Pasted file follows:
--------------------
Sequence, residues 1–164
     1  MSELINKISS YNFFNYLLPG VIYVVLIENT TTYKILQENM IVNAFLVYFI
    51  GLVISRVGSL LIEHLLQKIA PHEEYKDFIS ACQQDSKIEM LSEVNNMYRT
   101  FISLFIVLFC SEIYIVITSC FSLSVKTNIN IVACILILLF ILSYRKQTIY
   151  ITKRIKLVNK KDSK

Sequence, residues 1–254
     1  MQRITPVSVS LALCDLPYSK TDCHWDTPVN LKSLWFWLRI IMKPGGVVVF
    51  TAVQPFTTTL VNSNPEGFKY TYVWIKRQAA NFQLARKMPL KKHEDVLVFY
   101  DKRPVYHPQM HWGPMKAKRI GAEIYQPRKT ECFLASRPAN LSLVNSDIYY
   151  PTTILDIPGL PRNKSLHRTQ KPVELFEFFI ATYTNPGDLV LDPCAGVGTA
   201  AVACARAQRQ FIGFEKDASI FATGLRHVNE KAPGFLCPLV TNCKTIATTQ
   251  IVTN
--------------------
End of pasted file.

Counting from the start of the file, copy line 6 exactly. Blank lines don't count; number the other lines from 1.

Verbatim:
Sequence, residues 1–254